A beloved WWII memorial and historical expression of faith, “Big Mountain Jesus” will remain after a court challenge from the Freedom From Religion Fund was unsuccessful. On behalf of local Knights of Columbus, the Becket Fund for Religious Liberty took up the case for the statue to remain.
After a lower court protected the memorial, the deadline for asking the nation’s top court to remove it passed on February 18, with no action from the FFRF.
Erected after World War II to honor soldiers who died fighting Hitler’s forces in the Alps of Italy, the statue is a replica of the many statues soldiers saw across Italy and stands on public land in the middle of Big Mountain ski resort. An August 2015 decision by the Ninth Circuit Court of Appeals ruled that, in this setting, no one could reasonably believe the six-foot statue of Jesus was a government effort to impose Christianity. Instead, as a “local landmark” and “important aspect of the mountain’s history” the statue enjoys a rightful place on the mountain.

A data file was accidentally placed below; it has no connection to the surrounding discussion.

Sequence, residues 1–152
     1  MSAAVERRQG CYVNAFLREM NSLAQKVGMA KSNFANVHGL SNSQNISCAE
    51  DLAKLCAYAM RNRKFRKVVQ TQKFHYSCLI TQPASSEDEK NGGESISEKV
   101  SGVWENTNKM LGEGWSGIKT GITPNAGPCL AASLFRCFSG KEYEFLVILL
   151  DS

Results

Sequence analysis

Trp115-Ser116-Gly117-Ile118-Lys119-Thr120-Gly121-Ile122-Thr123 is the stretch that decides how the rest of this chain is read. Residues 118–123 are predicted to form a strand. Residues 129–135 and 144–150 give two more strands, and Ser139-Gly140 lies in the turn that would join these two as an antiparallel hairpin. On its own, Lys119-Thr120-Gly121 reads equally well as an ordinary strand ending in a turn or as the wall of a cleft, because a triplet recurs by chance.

When the Big Mountain resort hosted the U.S. Ski Championships in 1949, many of the top competitors were World War II veterans from the Army’s 10th Mountain Division. They teamed up with the local Knights of Columbus to commission the statue in memory of their comrades who never came home. The Forest Service permitted the statue and for sixty years, the statute stood undisturbed until FFRF in Wisconsin decided that something was amiss in Montana. After six months trying to find a local resident who would complain, FFRF filed suit claiming the statue violated the First Amendment.
“Of course militant atheists have rights, but not the right to dictate history and culture for everyone else,” says Eric Baxter, Senior Counsel at the Becket Fund, and lead attorney in this case. “Religion is part of the human condition. It’s no surprise—and certainly no violation of the Constitution—that it sometimes manifests in public life.”